Item Analysis – Are your questions working as they should?

Item analysis - are your questions performing as expected?

What is item analysis?

Item analysis uses different statistical measures in order to determine any problems with the ‘items’ that make up a question in an exam, and hence the question itself.

Why is item analysis useful?

Let’s say that we have an item that has been standard set at 90%. This means that whoever made this judgement has suggested that the probability of getting this item correct is 90%, so prior to the exam we are going to expect candidates to do very well on the whole on this particular item.

The exam is then sat and turns out the mean for this item is down at 50% - only half of the candidates managed to get it correct. Why?

It could be a problem with:

1. The item

It may have been badly written and become misleading, resulting in candidates either getting it wrong or taking a long time on it.

The distractors (other options that are marked as incorrect) could have also been considered correct, so lots of candidates chose these options and got ‘distracted’ unfairly from the correct option.

The wrong option may have been selected as correct in the system whilst writing the item. Therefore, it appears the item is poorly performing.

2.  The teaching

What’s to say that there isn’t actually a problem with the item and that the candidates were simply not taught it in class? It may be a well written item, but if the material wasn’t taught in the classroom, how are you going to achieve such a high mean i.e. at 90%?

 

Item analysis means we can take a deeper look into what’s happening on the particular items within a question, and hence work out if there is a problem with the questions themselves or with the teaching. It can also help to define why an item, and hence a question isn’t performing as expected.

Working out why an item isn’t operating as expected

Statistical measures

Maxexam enables the easy use of statistical methods such as the discrimination index, Pearson’s product-moment correlation coefficient and Horst which can help to identify how different items are performing within an exam. So, for example, the discrimination index might show that the item is not as discriminating as expected between your high and low performing candidates.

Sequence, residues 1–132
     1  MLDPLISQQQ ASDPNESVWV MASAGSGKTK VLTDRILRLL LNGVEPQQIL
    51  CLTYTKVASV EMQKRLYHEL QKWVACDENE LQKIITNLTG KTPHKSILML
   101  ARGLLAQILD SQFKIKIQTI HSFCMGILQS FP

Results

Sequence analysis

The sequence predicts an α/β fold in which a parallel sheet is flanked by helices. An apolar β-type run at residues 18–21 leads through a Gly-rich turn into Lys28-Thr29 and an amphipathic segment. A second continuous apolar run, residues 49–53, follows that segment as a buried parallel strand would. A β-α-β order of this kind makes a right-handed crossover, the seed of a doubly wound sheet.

These different statistical methods will be covered individually over the next few blogs.

Time taken on a question

Maxexam also enables the psychometrician to look at the time taken on items within a question. Looking at the aspect of time is an alternative approach to item analysis that can show why an item isn’t performing in an exam. It is possible that a question still looks like it’s performing to a high standard when looking at the usual statistics such as the mean, discrimination index, correlation etc, but it could then be the case that is has taken candidates on average lots of time to answer, having a knock-on effect on the rest of the exam.

Examples of when a question might take a long time to answer are if it has been worded in a way that is confusing or misleading, or if more than one of the answers given could be correct.

Without a digital solution like Maxexam, it is impossible to record the average time it took a candidate to answer a particular question, so these kinds of problems are less likely to be picked up.

In Summary

Identifying problematic items within an exam can be tricky and time consuming. Pushing that further and understanding the reason(s) why an item isn’t performing as expected can be even harder. 

The more factors you can take into consideration the better, and the use of a digital solution like Maxexam makes these calculations robust, easy and quick. This means that problematic items can be removed from an exam if required to ensure the results are fair. Looking longer term, this also means questions and exams can be improved over time using the learnings from each exam run.